Our pocket squares are completely cut and sewn by hand. Other than the joining of the blade and the tail with a sewing machine, every part of our neckties are stitched by hand as well. This includes hand sewing the continuous slip stitch that joins the tie, the bar tacks that secures the ends, as well as the hand rolling of edges to finish the fabric ends.
Our pocket squares are finished with hand rolled edges. Our neckties are untipped and the edges are finished with this same technique.
Hand rolling the edges gives our products a refined, three-dimensional appearance that machine sewing simply cannot achieve. While hand rolling in itself is not rocket science, achieving a luxury finish (with a tight roll and neat, narrow stitches) is a skilled operation that takes over an hour to accomplish a pocket square and approximately 3 hours to complete a necktie.
While we strive for perfection, the reality is that a handmade product is never going to be 100% perfect. As such, minor variation in stated widths and lengths should not be considered as defects, but rather the nature of a product made by hand with fine fabrics.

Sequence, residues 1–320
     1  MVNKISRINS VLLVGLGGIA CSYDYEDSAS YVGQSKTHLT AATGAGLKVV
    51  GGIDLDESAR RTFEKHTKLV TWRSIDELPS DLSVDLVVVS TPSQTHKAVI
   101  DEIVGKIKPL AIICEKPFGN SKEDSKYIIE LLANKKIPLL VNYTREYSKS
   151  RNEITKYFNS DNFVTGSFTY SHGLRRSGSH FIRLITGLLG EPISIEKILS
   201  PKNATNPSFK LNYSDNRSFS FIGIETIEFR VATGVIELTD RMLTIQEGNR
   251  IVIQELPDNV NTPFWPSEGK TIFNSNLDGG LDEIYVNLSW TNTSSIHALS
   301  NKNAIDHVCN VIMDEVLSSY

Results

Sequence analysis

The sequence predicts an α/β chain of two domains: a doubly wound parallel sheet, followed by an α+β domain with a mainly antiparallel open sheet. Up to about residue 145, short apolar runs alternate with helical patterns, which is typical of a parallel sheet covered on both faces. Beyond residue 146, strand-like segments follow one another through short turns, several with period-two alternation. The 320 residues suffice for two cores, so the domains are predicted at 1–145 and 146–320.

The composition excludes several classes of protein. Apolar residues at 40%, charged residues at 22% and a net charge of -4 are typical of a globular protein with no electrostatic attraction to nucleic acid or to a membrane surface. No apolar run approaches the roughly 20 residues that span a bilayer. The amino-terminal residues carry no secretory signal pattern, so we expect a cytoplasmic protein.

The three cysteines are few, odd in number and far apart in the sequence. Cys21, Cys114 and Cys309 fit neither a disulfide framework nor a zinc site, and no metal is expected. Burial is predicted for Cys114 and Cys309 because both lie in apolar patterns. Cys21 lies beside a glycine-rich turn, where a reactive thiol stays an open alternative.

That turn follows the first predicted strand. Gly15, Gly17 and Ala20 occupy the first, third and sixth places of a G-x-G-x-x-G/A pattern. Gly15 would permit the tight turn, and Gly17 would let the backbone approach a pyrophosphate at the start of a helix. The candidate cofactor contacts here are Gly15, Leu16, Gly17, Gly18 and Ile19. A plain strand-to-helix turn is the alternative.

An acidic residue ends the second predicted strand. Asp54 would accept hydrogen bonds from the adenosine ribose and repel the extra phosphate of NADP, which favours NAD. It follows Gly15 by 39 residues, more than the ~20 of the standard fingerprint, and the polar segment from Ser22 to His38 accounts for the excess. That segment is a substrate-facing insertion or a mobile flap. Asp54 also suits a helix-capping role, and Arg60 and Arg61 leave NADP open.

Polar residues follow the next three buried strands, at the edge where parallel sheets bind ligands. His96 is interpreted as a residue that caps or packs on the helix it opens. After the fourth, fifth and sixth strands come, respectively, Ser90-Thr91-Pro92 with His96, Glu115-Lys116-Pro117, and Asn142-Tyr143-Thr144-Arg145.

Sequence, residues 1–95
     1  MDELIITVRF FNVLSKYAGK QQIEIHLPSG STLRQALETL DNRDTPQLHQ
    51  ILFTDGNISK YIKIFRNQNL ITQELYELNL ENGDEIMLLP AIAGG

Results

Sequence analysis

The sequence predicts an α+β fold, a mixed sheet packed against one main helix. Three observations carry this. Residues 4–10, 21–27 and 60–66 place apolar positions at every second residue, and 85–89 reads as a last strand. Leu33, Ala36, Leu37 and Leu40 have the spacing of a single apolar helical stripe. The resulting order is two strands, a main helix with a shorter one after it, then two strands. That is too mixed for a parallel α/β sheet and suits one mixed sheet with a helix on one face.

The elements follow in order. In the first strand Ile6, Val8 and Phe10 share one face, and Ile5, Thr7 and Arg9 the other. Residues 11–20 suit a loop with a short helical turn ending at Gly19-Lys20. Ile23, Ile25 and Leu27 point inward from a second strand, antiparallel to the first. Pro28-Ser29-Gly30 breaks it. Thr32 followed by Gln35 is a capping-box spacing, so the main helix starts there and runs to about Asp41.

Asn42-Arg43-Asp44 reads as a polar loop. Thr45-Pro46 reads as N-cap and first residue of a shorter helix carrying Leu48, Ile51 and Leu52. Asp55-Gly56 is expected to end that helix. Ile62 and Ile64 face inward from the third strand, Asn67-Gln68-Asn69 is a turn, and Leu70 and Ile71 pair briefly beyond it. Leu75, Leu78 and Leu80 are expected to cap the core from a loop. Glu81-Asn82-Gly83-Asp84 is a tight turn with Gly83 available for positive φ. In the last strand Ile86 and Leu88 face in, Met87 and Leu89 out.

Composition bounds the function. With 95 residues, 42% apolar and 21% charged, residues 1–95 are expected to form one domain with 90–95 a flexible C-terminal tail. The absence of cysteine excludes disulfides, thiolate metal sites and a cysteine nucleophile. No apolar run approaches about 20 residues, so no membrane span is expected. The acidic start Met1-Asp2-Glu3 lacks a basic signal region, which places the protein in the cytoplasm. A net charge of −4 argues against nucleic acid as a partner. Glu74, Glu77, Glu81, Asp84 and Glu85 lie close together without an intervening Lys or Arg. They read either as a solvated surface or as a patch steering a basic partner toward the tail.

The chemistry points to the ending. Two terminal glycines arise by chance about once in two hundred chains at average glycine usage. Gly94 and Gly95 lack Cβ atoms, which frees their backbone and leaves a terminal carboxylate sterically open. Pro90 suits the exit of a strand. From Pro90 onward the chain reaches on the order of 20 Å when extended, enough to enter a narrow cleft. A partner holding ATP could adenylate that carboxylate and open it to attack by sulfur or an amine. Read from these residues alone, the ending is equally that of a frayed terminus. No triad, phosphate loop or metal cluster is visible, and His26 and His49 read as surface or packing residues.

What will the price points be?
Our neckties range from SGD$125 ($97 US dollars) to SGD$145 ($112.50 US dollars) and our pocket squares are SGD$45 ($35 US dollars). We will also have lapel pins handmade from Japanese clay. These will go for SGD$25 ($19.40 US dollars) a pair.
I didn’t know you also made lapel pins. Can you tell us a bit more about them?
The lifelike orchid flower lapel pins are designed by us in six colours that complement our range of neckties and pocket squares. These are made for us by a very talented lady in Singapore – she makes them individually by hand from Japanese deco clay, which is lightweight and durable.
What other products do you have planned for the short- and long-term future?
We will build on our neckties and pocket square collections for the first half of 2012. In time to come, we will be adding ready-to-wear lines for shirts (which will certainly feature some handwork) and trousers to our lineup.
I remember you mentioning some training you’ve been receiving from a master shirt-maker. Could you tell us a bit about that?
Diana and I have been learning shirtmaking from the Chairman of Singapore Master Tailors Association, Mr. Thomas Wong. While we have a long way to go before being anywhere close to the high standards we have set for ourselves, we are determined to achieve this well through hours of practice, exactly like how we did it with our pocket squares and neckties.